Derek Jarman protégées, Oscar-winning actor Tilda Swinton and Oscar-winning costume designer Sandy Powell, rallied support from the film world throughout the campaign. Powell donated the cream calico suit she wore to the 2020 Critics’ Circle, Bafta and Oscar ceremonies – during which she gathered over 200 signatures from those working across the film world including Scarlett Johansson, Brad Pitt, Renée Zellweger, Bong Joon Ho, Leonardo DiCaprio, Robert De Niro, Al Pacino, Elton John, Joaquin Phoenix, Laura Dern, Spike Lee and Saoirse Ronan. In addition to the £16,000 the suit fetched at Phillips Auction House, Powell’s advocacy for Jarman introduced a new audience around the globe to the Prospect Cottage appeal, stealing headlines throughout the 2020 awards season and motivating thousands of pounds in donations.
Stephen Deuchar, Director of Art Fund, said, ‘Securing the future of Prospect Cottage may seem a minor thing by comparison with the global epidemic crisis which has recently enveloped all our lives. But Derek Jarman’s final years at the Cottage were an inspiring example of human optimism, creativity and fortitude battling against the ravages of illness, and in that context the success of this campaign seems all the more apposite and right for its time. We are deeply grateful to no fewer than 8,119 individuals and institutions who made donations large and small, and to the artists - led by Tacita Dean and Tilda Swinton - whose material support for the crowdfunding and publicity initiatives was so influential. Above all we thank the trustees of the National Heritage Memorial Fund, the largest funder, whose £750,000 grant was a proud and public affirmation of the importance of Derek Jarman’s major contribution to the history of art and film, to queer culture and identity, and to the long British tradition of political activism.’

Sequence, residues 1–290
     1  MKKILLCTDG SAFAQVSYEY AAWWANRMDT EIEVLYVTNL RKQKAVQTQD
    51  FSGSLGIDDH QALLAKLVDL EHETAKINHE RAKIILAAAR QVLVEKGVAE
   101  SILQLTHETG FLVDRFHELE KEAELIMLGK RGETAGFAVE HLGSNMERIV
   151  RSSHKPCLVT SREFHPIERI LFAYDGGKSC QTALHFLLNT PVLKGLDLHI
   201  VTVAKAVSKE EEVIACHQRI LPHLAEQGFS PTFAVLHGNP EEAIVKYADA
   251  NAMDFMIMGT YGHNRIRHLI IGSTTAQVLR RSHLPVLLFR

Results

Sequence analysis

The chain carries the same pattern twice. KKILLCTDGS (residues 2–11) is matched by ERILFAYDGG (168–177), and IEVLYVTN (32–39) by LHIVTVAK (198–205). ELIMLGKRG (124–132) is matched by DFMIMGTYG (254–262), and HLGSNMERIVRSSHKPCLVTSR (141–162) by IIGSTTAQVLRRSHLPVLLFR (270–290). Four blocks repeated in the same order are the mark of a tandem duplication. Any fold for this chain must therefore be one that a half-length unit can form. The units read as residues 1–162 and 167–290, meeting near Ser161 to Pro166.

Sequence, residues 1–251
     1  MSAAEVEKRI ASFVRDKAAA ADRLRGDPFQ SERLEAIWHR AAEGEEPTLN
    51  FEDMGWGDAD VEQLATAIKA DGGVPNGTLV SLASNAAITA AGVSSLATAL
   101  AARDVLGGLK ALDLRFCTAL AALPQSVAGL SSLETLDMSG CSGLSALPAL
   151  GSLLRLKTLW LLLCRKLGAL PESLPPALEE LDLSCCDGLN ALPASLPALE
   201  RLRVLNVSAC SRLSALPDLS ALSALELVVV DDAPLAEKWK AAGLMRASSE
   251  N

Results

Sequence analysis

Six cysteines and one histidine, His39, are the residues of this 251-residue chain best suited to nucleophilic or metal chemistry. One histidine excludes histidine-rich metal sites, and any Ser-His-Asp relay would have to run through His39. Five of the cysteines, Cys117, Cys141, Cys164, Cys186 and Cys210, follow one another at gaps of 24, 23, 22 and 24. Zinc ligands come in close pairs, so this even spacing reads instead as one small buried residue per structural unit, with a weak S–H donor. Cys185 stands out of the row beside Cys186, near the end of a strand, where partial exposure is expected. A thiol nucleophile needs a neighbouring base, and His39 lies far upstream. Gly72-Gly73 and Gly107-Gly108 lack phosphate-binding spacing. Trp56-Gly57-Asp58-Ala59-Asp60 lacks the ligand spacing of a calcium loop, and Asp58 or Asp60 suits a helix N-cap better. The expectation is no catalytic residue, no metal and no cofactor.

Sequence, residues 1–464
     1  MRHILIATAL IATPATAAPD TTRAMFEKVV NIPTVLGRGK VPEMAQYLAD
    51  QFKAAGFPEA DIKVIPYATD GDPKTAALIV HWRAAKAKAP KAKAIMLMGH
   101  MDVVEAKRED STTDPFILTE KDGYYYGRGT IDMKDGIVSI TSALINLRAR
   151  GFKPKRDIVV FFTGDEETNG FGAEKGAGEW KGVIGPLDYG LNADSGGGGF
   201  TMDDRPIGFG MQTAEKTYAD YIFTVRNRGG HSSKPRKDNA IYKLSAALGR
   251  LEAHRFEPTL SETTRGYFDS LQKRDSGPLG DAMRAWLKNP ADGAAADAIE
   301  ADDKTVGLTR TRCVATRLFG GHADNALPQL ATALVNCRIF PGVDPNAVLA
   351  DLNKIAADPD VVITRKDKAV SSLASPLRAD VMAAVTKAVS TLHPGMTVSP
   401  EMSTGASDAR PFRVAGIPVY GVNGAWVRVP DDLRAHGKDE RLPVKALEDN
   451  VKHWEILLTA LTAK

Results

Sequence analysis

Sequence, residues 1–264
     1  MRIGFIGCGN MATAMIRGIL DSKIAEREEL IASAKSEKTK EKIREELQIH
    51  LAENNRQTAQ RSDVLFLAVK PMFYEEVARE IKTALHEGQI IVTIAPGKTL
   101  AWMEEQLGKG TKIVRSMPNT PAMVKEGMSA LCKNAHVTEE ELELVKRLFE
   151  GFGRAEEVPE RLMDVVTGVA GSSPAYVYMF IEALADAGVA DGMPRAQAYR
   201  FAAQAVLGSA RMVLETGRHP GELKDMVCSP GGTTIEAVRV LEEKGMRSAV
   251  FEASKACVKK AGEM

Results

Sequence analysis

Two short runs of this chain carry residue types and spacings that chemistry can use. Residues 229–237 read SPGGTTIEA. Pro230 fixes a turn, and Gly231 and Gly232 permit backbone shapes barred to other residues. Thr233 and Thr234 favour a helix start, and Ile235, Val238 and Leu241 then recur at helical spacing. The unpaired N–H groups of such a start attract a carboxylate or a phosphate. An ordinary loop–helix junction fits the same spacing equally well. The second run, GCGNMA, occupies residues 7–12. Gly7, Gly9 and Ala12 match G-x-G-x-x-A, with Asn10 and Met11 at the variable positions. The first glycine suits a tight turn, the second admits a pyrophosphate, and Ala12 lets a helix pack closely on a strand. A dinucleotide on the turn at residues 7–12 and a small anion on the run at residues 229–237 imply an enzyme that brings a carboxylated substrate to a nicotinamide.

Alastair Upton, Chief Executive of Creative Folkestone, said, ‘Creative Folkestone is delighted to see that so many people, many of them from our county and community, have supported the Art Fund campaign to save Prospect Cottage. We are honoured to be entrusted with the responsibility of caring for this masterful artwork. Over the coming years we will begin a journey of ensuring that the long lasting legacy of Derek Jarman in Dungeness will continue to inspire artists, activists, creatives and gardeners as they take up residency and make work for us all to enjoy. As we celebrate this successful campaign to save Prospect Cottage and continue a great artists legacy, we are once again reminded that, now more than ever, art offers hope.’
Maria Balshaw, Director of Tate said, ‘The success of the campaign to save Prospect Cottage raises our spirits in these difficult times. It is testament to the profound impact of Derek Jarman’s originality, energy and activism and his influence on generations of artists and actors who came after him. As he pushed boundaries to make us re-think our view of the world, he also had the gift of being able to inspire great affection in all who encountered him. At Tate, we look forward to caring for, and making available to the public, many of the treasured items which reveal the thoughts and ideas about his work, his house and garden. I want to thank everyone involved in securing this legacy for future generations.’
After Jarman purchased Prospect Cottage in 1986, it quickly became a source of inspiration and a creative hub where his parallel artistic practices and collaborators came together. Today it represents the most complete distillation of his pioneering creativity across film, art, writing and gardening: from his 1990 film The Garden starring Tilda Swinton, to his journal, Modern Nature, to poetry etched in the glass, to driftwood sculptures and the remarkable garden he created on the shingle beach. More than 25 years after his death, Prospect Cottage continues to be a site of pilgrimage for people from all over the world who come to be inspired by its stark beauty and by Jarman’s legacy. The cottage and its contents are now being sold following the death in 2018 of Keith Collins, Jarman’s close companion in his final years, to whom he bequeathed the cottage.